Leftover Rice in Fried Rice
Blind Baking

Grilling Steak - Part II "Rule of Thumb"

Q: I have heard that there is a way to tell if a steak is done by pressing on it and comparing that to your hand.  How does this work?

As steaks cook, the meat becomes progressively more firm as the muscle fiber in them tightens.  By pressing on the center of the piece of meat, being careful not to burn yourself, you can tell how firm, and therefore how cooked, it is.  This isn't a very exact method, since it will vary depending on the cut and thickness of the steak and other factors, but this is the general method.

First press on the large muscle at the base of one of your thumbs with the hand completely relaxed.  The firmness of that muscle is a little tighter than a raw steak.  Press on the center of the uncooked steak, off heat, with your "impeccably clean" finger, just to be sure how tender it is starting out.  Start cooking the meat, using the timing guidelines in the posting "Grilling Steak".  When you think the steak is approaching the degree of doneness you are looking for, using the muscle at the base of your thumb as a guide, check the firmness of the meat.  Here's how:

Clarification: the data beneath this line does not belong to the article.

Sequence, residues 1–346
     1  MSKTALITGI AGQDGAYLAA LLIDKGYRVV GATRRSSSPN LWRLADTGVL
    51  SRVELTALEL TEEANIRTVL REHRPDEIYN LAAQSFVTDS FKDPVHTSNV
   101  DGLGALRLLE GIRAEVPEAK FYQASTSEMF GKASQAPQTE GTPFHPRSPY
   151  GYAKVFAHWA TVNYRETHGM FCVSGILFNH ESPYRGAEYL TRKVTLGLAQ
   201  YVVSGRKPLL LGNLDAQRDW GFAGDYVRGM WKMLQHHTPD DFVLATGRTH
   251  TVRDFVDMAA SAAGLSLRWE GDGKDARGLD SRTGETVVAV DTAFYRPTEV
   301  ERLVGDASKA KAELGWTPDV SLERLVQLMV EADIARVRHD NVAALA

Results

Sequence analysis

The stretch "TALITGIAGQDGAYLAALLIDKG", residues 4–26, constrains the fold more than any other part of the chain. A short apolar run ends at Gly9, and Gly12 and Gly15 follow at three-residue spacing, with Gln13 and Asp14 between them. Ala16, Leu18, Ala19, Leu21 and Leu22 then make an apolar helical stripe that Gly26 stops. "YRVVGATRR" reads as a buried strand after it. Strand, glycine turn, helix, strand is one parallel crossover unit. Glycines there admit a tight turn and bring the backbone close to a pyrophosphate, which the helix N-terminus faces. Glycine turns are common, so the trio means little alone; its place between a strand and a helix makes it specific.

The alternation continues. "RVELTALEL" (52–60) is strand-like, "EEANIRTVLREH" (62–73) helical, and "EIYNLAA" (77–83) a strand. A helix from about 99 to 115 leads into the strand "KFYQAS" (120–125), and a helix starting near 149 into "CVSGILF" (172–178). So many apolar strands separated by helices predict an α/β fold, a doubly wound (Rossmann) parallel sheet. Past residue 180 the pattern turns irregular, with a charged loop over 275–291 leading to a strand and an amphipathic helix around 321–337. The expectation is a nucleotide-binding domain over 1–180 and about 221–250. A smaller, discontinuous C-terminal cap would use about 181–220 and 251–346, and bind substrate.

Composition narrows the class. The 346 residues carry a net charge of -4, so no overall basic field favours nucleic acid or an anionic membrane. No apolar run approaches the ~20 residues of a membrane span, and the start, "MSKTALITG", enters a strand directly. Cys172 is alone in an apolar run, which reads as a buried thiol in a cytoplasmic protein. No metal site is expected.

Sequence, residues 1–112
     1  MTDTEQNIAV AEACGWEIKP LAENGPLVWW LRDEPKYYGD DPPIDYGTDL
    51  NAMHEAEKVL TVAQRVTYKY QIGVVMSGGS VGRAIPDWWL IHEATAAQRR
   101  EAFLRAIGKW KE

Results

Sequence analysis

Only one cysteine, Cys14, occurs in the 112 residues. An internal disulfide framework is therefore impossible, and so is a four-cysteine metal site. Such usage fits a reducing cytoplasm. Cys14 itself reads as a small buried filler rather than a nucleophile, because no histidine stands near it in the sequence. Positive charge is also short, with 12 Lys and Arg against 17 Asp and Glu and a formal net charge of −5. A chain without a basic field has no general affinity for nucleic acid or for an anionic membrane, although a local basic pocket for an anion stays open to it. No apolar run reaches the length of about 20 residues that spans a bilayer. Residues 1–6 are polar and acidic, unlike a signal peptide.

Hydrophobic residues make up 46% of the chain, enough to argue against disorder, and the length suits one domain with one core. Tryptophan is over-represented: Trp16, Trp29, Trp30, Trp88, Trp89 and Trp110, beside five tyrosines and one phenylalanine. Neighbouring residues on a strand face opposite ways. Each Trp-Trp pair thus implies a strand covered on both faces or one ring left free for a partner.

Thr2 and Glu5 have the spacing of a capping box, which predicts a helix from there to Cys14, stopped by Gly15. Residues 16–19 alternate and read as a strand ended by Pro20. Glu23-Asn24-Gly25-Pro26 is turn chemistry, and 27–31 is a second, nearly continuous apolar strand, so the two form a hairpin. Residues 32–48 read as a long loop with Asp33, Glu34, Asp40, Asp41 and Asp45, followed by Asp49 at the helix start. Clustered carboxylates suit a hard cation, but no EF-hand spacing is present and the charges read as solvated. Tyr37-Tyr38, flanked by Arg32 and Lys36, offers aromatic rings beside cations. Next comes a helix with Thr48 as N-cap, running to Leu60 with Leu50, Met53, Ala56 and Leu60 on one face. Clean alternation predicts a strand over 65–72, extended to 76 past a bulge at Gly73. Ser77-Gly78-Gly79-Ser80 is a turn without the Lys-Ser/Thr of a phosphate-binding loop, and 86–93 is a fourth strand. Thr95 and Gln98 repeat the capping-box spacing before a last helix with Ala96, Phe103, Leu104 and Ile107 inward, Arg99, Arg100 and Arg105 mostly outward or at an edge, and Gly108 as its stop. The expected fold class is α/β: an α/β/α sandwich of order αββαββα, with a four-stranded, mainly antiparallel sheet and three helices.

• If you want a very rare steak, compare the texture of the meat to the firmness of the muscle at the base of the thumb of your completely relaxed hand.  If they feel the same, the steak is 'blue-rare' to rare.
  • For medium-rare, touch the tip of the index finger to the tip of the thumb of the same hand.  Feel the firmness of the muscle at the base of the thumb. Check the meat to see if it is the same firmness.  If it is, the steak is medium-rare.
  • For medium, press the tip of the middle finger against the thumb of the same hand and feel the muscle at the base.  That is what a medium steak will feel like.
  • For medium-well, use the ring finger, and
  • For well-done use the pinky, as above.

As mentioned, this is very rough and will take some practice until you learn how to do it right.

If you have food or cooking questions, send them to Questions@KitchenSavvy.com
Due to the volume of questions received, not all can be answered.
© Lost Hobbit Enterprises 2004 onward

Due to the volume of questions received, not all can be answered, nor can we guarantee we will answer questions immediately
© Lost Hobbit Enterprises 2004 onward


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